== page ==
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Topic: New content on Dense Breasts!

Forum: High Risk for Breast Cancer — Due to family history, genetics, or other factors.

Posted on: Oct 9, 2020 02:38PM - edited Oct 9, 2020 02:54PM by Moderators

Moderators wrote:

We just added this content on Dense Breasts!

Dense Breasts

Having dense breasts means there is more fibrous tissue (or connective tissue) and glandular tissue (the type of tissue that produces milk) in your breasts than fatty tissue. That's why dense breast tissue is also called "fibroglandular tissue." In this section you'll learn about:

  • How breast density is measured?
  • Why breast density matters?
  • How to find out if you have dense breasts
  • Cancer screening for women with dense breasts
  • Other steps you can take

Read more by clicking on the above link and please let us know if it's helpful.

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Oct 9, 2020 03:21PM MinusTwo wrote:

Mods - great summary. Thanks for all the details. May I suggest one change? Add the date of this report at the top so down the road people will know if there might be updates.

2/15/11 BMX-DCIS 2SNB clear-TEs; 9/15/11-410gummies; 3/20/13 recurrance-5.5cm,mets to lymphs, Stage IIIB IDC ER/PRneg,HER2+; TCH/Perjeta/Neulasta x6; ALND 9/24/13 1/18 nodes 4.5cm; AC chemo 10/30/13 x3; herceptin again; Rads Feb2014
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Oct 9, 2020 04:03PM Beesie wrote:

Mods, excellent content. I really appreciate that you included this:

"You can't feel dense breast tissue through the skin, so if you have firmer breasts, it does not necessarily mean you have dense breasts.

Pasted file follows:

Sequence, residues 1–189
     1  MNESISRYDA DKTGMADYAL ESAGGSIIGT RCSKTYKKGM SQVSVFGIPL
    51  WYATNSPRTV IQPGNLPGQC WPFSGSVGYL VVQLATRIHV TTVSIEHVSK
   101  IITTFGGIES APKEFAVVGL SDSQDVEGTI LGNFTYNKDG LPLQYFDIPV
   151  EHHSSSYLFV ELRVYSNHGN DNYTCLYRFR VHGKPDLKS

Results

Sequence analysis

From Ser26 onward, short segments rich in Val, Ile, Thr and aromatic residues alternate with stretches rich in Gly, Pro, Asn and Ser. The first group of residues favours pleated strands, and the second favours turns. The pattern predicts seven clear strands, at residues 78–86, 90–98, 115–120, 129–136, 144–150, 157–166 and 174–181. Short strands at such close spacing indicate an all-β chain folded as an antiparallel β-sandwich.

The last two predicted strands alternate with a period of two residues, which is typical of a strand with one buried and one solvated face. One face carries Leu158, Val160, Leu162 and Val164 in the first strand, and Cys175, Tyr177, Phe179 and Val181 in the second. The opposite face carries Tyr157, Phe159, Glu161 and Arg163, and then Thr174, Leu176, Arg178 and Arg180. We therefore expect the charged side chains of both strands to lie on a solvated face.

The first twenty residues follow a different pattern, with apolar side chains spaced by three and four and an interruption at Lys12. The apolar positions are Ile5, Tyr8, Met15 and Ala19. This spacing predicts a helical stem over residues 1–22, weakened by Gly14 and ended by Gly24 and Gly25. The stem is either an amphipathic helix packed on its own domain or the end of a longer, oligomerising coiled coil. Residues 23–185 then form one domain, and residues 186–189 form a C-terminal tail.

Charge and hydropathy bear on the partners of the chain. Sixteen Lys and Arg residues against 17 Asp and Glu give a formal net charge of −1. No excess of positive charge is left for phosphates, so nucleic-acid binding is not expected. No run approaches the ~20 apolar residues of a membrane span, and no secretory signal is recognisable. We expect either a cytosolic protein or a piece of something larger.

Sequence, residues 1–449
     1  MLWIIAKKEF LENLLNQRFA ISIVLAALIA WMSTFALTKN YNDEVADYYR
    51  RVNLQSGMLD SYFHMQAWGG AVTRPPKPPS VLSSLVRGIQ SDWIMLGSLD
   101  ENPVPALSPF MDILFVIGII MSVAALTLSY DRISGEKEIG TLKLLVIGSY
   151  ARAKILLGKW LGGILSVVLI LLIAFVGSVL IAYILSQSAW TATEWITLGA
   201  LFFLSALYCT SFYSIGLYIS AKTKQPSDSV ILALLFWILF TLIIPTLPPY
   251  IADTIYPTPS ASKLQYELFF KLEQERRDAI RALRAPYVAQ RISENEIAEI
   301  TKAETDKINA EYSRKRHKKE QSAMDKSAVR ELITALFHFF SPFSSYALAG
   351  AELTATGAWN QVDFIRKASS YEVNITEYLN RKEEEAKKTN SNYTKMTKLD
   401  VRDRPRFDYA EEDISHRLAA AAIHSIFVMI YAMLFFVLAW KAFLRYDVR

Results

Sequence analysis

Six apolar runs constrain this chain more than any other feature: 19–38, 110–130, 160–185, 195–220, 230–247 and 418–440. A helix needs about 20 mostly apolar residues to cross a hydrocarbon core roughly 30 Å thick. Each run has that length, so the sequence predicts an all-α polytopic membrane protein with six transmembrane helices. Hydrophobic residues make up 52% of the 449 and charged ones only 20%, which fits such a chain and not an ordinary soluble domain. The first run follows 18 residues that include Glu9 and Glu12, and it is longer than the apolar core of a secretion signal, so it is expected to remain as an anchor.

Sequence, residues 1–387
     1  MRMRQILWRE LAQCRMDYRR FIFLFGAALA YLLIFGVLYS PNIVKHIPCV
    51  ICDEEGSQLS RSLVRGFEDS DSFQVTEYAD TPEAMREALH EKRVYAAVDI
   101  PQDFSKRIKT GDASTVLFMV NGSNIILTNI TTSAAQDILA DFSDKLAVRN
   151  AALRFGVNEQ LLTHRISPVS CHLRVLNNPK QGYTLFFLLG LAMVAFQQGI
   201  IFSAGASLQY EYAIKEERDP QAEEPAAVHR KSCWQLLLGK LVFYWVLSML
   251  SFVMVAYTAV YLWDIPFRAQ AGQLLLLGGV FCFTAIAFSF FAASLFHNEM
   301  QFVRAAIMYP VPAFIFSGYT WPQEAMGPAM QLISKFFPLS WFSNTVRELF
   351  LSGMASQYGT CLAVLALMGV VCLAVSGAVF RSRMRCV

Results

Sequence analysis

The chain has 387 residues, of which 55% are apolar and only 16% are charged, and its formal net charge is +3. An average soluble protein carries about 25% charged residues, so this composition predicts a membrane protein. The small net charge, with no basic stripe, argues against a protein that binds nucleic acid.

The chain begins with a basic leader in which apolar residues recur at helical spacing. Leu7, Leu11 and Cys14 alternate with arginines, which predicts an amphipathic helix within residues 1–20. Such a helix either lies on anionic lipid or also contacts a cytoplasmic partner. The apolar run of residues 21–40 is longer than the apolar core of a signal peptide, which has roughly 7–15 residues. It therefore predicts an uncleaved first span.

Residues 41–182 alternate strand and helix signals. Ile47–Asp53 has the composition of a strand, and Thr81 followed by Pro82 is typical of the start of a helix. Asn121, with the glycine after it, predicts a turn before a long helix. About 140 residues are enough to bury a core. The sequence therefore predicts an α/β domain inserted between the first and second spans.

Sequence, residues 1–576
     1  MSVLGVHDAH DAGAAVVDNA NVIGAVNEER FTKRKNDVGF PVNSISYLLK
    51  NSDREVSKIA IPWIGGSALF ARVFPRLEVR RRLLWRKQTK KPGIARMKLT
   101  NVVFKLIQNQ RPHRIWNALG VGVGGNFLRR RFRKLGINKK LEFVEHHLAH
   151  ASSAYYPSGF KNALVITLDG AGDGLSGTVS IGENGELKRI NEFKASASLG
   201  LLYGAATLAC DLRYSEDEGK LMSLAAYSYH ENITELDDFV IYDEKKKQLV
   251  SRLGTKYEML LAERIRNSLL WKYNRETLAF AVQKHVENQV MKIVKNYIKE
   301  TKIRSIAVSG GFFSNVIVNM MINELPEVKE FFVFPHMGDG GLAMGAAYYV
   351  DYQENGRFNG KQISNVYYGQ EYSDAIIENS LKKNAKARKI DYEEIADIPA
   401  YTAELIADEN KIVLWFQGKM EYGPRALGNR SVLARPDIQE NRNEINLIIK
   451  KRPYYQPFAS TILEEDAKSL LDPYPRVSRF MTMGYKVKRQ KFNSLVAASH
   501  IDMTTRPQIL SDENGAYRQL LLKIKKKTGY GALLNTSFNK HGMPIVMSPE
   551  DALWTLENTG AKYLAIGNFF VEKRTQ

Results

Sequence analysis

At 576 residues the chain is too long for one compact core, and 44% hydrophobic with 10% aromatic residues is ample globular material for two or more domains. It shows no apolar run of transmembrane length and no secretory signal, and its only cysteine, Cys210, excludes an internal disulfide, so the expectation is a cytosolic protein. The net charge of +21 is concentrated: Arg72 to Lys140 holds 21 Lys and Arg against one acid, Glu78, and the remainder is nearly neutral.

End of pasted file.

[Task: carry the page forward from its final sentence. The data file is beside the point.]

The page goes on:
Dense breast tissue can only be seen on a mammogram. While fatty tissue appears dark on a mammogram, dense tissue appears white."

The fact that we can't feel our dense breasts is not understood at all - many women think that the fibrocystic lumps and bumps that they feel are the same as breast density. So I'm glad that I will be able to refer posters to this section to explain this.

One change suggestion from me. What's missing - and is critically important, I think - is a discussion on age and breast density. Because while it's true that 40% of women have heterogenously dense breasts, among pre-menopausal women, it's closer to 60%. Over 15% of pre-menopausal women have extremely dense breasts. So until menopause, high breast density is normal. Still a screening issue, of course, but normal and already baked into the relatively low breast cancer rates of women that age.

The Relationship of Mammographic Density and Age: Implications for Breast Cancer Screening https://www.ajronline.org/doi/full/10.2214/AJR.10.6049

"Seventy-four percent of patients between 40 and 49 years old had dense breasts. This percentage decreased to 57% of women in their 50s. However, 44% of women in their 60s and 36% of women in their 70s had dense breasts as characterized on their screening mammograms."




This clarification is important because it's so common to see posts from younger women who are worried, some to the point of considering preventative measures, because they've been told that they have dense breasts.

“No power so effectually robs the mind of all its powers of acting and reasoning as fear.” Edmund Burke
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Oct 9, 2020 04:05PM MinusTwo wrote:

Beesie - right on !!!

2/15/11 BMX-DCIS 2SNB clear-TEs; 9/15/11-410gummies; 3/20/13 recurrance-5.5cm,mets to lymphs, Stage IIIB IDC ER/PRneg,HER2+; TCH/Perjeta/Neulasta x6; ALND 9/24/13 1/18 nodes 4.5cm; AC chemo 10/30/13 x3; herceptin again; Rads Feb2014
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Oct 9, 2020 06:37PM Mavericksmom wrote:

I too think the summary is great! I also liked Beesie’s comments. I am a bit confused (maybe due to being tired from a long work week) but why, if dense breasts have more cancer risk, and younger women have more dense breasts,does the actual risk of breast cancer become the greatest as we age and the breasts become more fatty?

Dx 6/6/2003, IDC, Left, 1cm, Stage IA, Grade 1, 0/24 nodes, ER+/PR+ Dx 12/4/2018, ILC, Left, 1cm, Grade 2, ER+/PR+, HER2- (FISH)
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Oct 9, 2020 09:19PM Beesie wrote: